Wesley Balk: : Impact On Any Level

You don’t go to opera or musical theater to see everyday life, thank God. You go to opera or musical theater to have an incredible experience with an out-of-the-ordinary flow of energy.”

Communication, or “radiant performing,” is possible for any performer, no matter what their level of technical development. “When someone with an instrument like Jessye Norman’s has a radiant performance, it’s really staggering, because the voice is so capable. But I’ve seen a number of cases where you become one with performers who may not yet be experienced veterans. It doesn’t last a long time, because the young singer is unfamiliar with the experience, and might be scared by it. It has to do with how much they are able to allow the flow to happen. The lovely thing is when that field of energy has been created, even people who are having difficulties with the instrument can experience it. The performers are open and not criticizing themselves, the audience isn’t criticizing them, and everyone feels fantastic.”

The process that led Balk to the decision to teach sounds very familiar to those in the business. “I realized,” Balk said, “that in the opera/musical theater training environment, there were so few places for people to actually grow and take the risks necessary for that growth process. There was so much ‘product’ orientation, so much judgmentalism, that it was killing off people. As I worked with people coming into the Minnesota Opera Company, where we created a fairly open and free environment, I kept seeing these damaged singers. They were damaged in the sense of being so traumatized judgmentally, and so afraid of exploring and opening to new experiences, I was horrified. They were giving about 25 percent of what they were capable of, which was good work according to general standards, but a small part of what they could have done. I became more and more aware that we have a wide epidemic of judgmental, destructive, controlling ways of working.”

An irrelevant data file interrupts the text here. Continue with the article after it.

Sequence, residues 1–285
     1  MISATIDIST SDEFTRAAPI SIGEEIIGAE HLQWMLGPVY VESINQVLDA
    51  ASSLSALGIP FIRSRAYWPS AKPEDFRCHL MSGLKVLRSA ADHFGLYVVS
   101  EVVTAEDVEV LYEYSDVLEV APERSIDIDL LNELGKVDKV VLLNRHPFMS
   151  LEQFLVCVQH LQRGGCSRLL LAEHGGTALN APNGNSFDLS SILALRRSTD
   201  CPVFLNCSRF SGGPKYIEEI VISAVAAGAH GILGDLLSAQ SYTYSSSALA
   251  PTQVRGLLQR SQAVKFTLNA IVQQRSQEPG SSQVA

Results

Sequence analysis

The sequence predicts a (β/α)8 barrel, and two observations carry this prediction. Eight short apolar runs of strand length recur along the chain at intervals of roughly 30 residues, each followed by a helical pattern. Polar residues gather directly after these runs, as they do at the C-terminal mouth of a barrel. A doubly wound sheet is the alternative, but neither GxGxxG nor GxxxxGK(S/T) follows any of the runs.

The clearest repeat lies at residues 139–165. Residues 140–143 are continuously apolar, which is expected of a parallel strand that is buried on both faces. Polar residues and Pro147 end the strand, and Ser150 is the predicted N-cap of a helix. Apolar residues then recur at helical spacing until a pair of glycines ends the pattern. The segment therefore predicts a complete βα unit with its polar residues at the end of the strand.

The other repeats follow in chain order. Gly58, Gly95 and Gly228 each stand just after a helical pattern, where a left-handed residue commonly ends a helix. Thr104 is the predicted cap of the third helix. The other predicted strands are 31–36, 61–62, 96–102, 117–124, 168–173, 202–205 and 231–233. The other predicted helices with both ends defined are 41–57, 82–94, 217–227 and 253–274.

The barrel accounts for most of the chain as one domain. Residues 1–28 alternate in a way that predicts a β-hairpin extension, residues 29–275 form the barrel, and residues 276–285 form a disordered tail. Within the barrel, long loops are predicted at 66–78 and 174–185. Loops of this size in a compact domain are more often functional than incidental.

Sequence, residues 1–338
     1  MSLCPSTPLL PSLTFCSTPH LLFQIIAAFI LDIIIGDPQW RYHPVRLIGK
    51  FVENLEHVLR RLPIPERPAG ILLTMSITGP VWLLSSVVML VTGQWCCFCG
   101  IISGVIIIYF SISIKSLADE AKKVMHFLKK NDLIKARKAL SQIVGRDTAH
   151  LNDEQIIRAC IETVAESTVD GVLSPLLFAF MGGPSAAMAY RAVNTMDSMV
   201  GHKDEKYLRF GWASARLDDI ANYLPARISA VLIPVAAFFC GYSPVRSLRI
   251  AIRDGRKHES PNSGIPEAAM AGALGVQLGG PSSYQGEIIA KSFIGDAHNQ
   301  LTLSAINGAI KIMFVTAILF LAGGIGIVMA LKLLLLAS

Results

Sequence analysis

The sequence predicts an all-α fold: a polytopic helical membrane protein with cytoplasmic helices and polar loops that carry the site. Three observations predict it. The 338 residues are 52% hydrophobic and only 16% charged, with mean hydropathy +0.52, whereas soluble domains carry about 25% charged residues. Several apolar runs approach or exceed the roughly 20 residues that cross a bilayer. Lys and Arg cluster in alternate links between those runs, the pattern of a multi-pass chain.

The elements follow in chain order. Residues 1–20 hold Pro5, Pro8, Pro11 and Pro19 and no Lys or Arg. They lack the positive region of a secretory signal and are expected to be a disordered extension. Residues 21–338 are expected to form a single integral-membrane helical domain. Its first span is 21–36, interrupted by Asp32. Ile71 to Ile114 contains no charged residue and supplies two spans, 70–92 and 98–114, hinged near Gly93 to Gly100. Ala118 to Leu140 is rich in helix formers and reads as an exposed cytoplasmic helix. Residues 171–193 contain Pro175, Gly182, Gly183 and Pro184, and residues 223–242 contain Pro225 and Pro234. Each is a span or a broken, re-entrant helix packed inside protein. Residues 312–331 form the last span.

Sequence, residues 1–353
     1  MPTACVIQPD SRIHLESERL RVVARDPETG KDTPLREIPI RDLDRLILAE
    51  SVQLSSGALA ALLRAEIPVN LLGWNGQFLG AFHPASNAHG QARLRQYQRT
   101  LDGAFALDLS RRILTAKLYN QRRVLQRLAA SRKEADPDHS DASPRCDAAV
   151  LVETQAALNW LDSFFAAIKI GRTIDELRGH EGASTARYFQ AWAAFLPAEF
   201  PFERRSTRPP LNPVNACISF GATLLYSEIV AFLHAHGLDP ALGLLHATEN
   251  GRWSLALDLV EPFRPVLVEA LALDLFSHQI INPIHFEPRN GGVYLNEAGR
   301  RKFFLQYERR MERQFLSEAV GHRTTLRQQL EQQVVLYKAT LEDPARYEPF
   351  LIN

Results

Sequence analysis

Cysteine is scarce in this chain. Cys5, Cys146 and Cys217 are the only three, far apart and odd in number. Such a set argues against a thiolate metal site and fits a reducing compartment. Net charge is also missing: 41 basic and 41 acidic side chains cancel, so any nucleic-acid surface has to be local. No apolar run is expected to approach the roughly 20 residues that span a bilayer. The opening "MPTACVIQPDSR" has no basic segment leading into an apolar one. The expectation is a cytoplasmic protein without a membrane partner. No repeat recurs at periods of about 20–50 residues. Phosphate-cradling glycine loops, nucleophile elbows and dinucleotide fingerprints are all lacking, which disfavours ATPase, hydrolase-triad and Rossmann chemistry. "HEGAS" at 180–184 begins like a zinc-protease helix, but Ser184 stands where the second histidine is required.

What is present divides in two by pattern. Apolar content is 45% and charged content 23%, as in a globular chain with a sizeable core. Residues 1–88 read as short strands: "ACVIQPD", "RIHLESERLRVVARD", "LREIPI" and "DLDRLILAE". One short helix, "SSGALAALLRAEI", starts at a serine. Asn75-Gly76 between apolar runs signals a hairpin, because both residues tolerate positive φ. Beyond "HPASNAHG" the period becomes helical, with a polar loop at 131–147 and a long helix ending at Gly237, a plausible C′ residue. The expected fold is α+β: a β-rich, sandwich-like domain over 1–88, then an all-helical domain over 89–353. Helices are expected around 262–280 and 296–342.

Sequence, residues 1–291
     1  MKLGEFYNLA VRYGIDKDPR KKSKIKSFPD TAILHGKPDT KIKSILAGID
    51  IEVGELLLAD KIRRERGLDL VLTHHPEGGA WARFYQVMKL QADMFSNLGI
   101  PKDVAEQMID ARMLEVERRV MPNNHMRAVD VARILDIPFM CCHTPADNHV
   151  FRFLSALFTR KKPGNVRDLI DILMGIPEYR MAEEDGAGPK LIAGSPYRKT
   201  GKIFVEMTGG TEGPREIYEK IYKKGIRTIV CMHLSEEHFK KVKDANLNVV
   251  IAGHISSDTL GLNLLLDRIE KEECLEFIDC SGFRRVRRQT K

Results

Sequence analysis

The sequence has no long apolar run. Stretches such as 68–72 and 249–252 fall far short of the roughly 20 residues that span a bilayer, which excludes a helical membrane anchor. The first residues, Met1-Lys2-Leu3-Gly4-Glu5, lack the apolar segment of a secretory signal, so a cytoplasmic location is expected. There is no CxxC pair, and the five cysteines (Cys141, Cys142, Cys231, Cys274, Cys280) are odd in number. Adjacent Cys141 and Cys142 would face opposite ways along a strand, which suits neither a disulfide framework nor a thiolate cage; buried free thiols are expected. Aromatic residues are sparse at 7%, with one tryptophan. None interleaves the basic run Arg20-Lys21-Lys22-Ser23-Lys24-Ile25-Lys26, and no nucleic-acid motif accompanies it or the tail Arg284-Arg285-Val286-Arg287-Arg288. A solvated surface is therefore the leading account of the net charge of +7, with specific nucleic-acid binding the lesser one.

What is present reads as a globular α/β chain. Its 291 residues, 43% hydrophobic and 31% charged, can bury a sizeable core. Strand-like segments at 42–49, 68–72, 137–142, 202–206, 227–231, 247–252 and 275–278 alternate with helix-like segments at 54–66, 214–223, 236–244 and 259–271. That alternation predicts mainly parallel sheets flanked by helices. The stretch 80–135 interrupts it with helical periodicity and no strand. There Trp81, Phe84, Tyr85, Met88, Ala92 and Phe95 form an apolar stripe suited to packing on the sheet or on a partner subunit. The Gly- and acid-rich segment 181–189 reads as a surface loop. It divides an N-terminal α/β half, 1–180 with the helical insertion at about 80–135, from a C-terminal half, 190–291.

How did Balk propose to help these singers? “I want to help voice teachers to help singers sing, and perform better, by understanding every part of the performance process from a view of the whole rather than as a part all by itself. ‘The part mistaking itself for the whole’ is probably the biggest single error in the training system. There’s an awful lot of distortion, because of over-emphasis on one part, or not considering what happens to the other parts when you ask one of them to do certain things.

“If a singer is feeling something, yet her face is habitually deadpan, the observer can’t know what the performer is feeling. This is because the outer instrument has been rendered incapable of communicating what’s on the inside, because the facial musculature is held and fixed in place. So first you have to open that channel, so it’s available to the person. A lot of people are so locked up that they literally can’t move their faces at first. That causes a real gap between what they’re communicating and what they’re actually feeling. Everybody feels pretty much the same things–sadness, happiness, etc. But not everybody has the instrument to communicate these feelings. You have to go through the process of activating the part of the face that actually expresses that emotion. Someone can’t tell what another person is thinking or feeling unless the face can show it.

“I’ve never met a singer who didn’t have a challenge with the whole gesturing process–never. Anticipatory tension, or what we do when we ‘get ready’ to sing, makes this universally difficult, because the body is tense before it ever starts. I think the body flex and gesture flex exercises, which are explained in Performing Power, can be helpful because they start to isolate the arms from the body, which is necessary to be able to gesture believably. A gesture should look like something you just naturally do while speaking. The only difference is that in singing the gesture is prolonged.

“All singers I’ve ever worked with do the anticipatory entanglement, which means they place a slight layer of tension over their whole system before they start singing. From that place nothing good can happen because it’s always short-circuited. Eliminating that tension is an important initial step. It’s a self-acceptance issue, because the anticipatory entanglement is actually a subtle devaluing of oneself. It’s saying ‘I’m not good enough the way I am, so I have to do something extra to be this model performer.’ Singers trying to ‘do something’ to be better than they are end up making themselves less than they are because of this tension.”

In closing, Balk said, “Opera could be an astounding medium. As it is, it’s generally just ‘kind of nice,’ and it can be quite boring. But it could be electrifying. The singer-actor can make that happen.”

Wesley Balk

Wesley Balk lives and works in the Seattle area where he is associated with the University of Washington as a professor. Mr. Balk is also Director of Performance Development with the Nautilus Music Theater in Minnesota.